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[whatwg] Re: About XHTML 2.0

From: Matthew Raymond <mattraymond@earthlink.net>
Date: Fri, 10 Jun 2005 09:50:16 -0400
Message-ID: <42A99A98.3030805@earthlink.net>
James Graham wrote:
> Matthew Raymond wrote:
>>>But the point is that HTML does such an
>>
>>>astonishingly poor job of marking up fiction (and a wide variety of 
>>>other document types too, no doubt) that arguing over whether 
>>>seperators should be empty elements or not is just semantic 
>>>navel-gazing.
>>
>>  No, because the extensive use of separators, particularly <hr>, in 
>>web pages clearly show that people are accustom to the concept. 
>>Therefore, dropping the entire concept of separator elements increases 
>>the learning curve and makes the use of CSS a requirement for having 
>>separators in the first place.
> 
> Note I expressed no opinion on whether seperators as a concept are good 
> or not, only the opinion that arguments over their precise form are 
> worthless.

    Note that I disagree. Problems with the precise form have plagued a 
lot of elements, such as <img>.

> [Ultimately] the absolute worst that can happen, even if an 
> author fails to use a semantic seperator and instead uses a graphic or 
> somesuch is that people using speech browsers miss out on a two-second 
> pause between sections and people using a text only browser fail to see 
> "* * *".

   Well, probably in XHTML 2.0, but the only way that that would happen 
in HTML is if you intentionally used CSS alone for the separator.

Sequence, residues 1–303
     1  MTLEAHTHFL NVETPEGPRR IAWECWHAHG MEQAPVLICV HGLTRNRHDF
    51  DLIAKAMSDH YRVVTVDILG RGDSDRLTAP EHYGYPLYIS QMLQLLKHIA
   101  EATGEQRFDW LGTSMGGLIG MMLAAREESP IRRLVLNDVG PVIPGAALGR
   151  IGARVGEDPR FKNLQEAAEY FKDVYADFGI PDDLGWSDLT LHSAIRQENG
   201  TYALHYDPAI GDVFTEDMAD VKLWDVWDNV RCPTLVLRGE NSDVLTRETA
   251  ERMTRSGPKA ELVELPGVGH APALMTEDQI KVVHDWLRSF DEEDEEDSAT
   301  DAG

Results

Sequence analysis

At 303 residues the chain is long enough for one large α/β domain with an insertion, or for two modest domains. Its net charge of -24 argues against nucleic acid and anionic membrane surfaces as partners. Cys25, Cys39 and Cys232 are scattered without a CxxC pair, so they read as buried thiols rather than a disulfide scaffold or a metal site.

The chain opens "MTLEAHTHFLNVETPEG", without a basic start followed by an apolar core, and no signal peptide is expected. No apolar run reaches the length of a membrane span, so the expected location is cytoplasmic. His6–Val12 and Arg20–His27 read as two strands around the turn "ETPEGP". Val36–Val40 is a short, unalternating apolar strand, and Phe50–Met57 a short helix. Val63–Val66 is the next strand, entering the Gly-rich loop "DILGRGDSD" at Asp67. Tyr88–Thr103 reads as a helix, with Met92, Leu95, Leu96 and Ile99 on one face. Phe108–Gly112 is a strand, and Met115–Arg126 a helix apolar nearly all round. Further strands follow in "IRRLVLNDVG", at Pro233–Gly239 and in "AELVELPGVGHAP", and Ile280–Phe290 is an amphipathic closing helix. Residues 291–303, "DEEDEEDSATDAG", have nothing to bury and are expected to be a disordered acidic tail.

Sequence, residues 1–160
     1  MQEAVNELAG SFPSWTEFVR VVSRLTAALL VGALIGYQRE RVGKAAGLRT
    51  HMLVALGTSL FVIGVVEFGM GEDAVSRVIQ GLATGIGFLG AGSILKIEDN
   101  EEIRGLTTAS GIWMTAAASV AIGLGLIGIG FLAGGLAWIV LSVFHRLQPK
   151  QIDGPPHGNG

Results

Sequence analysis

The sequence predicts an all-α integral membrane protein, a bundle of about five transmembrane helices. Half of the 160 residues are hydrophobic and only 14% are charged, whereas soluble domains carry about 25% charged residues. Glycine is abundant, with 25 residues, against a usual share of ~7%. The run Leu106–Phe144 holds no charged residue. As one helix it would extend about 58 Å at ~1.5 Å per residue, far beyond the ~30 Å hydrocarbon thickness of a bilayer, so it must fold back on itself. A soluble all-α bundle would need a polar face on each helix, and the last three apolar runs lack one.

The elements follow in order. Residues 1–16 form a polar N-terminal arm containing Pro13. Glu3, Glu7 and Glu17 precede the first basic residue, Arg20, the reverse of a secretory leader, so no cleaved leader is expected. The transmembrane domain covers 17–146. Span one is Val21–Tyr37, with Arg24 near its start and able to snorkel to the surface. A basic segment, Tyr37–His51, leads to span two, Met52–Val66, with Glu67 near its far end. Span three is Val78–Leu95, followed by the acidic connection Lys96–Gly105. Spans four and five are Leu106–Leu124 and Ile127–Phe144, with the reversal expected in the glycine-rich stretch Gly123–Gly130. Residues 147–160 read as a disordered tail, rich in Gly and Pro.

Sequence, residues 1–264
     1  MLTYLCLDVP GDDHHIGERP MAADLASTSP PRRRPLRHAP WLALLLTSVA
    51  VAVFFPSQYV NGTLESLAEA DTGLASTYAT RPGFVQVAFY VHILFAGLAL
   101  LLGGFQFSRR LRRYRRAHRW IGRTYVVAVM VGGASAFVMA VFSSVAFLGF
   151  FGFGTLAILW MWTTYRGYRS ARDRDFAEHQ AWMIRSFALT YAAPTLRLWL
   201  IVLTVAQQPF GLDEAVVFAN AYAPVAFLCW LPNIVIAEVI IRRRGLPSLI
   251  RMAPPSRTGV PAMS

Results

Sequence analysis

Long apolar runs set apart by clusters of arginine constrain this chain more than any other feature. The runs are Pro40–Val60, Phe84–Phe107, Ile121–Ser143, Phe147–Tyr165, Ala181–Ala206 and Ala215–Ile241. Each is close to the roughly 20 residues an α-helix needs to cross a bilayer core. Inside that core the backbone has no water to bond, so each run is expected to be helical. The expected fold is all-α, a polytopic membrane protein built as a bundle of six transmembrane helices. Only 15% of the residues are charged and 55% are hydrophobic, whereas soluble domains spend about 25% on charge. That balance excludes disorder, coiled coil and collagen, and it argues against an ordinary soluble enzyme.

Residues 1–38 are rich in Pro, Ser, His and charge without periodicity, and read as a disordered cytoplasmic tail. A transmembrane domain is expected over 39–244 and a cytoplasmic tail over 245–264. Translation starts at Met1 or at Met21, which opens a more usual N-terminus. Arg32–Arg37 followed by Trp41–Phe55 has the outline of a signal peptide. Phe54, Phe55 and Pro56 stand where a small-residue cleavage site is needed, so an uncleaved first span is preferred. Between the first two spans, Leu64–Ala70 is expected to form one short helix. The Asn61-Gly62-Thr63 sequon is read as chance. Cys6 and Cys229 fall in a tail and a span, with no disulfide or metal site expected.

Remember that |alt| is required for <img>, so unless the author 
intentionally leaves out the "* * *", it will be visible in text-only 
browsers, and intelligent aural browsers could interpret the string as a 
pause.

> Annoying? Yes, a little. Earthshatteringly awful? No, not 
> really. Given that the total absence of a seperator is at worst 
> irritating, protracted discussion about how best to represent them in 
> markup is unnecessary.

    Well, actually there's a high potential for confusing readers, and a 
dramatic pause is not necessarily communicated by the boundary between 
sections. So, as worst, you've compromised the intended meaning of that 
portion of the document.

>>>Where are all the
>>>people using AJAX (Worst. Name. Ever.) but going "oh I could do all 
>>>this cool stuff if only I had  feature X"?
>>
>>   Anyone skilled enough to use AJAX is skilled enough to implement 
>>most of the features they want using DHTML. That isn't to say that 
>>they aren't asking for "cool stuff", as I haven't exactly been polling 
>>people on the subject, but it's clear that demand for new markup is 
>>less likely to come from those with the skills to implement similar 
>>functionality on their own.
> 
> Well, they could hardly implement XMLHttpRequest in DHTML. That's sort 
> of thing that makes new applications happen. There must be things that 
> people are having to hack around now that have an elegant solution 
> (indeed the spec already has a few examples - server sent DOM events, 
> canvas, the DOMContentLoaded event (though I can't see that in the spec 
> text yet...) and a few others.) Where are the ideas like those?

    I believe we've discussed a lot of those ideas right here in the 
WHATWG mailing list. Is there a specific area you feel has been neglected?
Received on Friday, 10 June 2005 06:50:16 UTC

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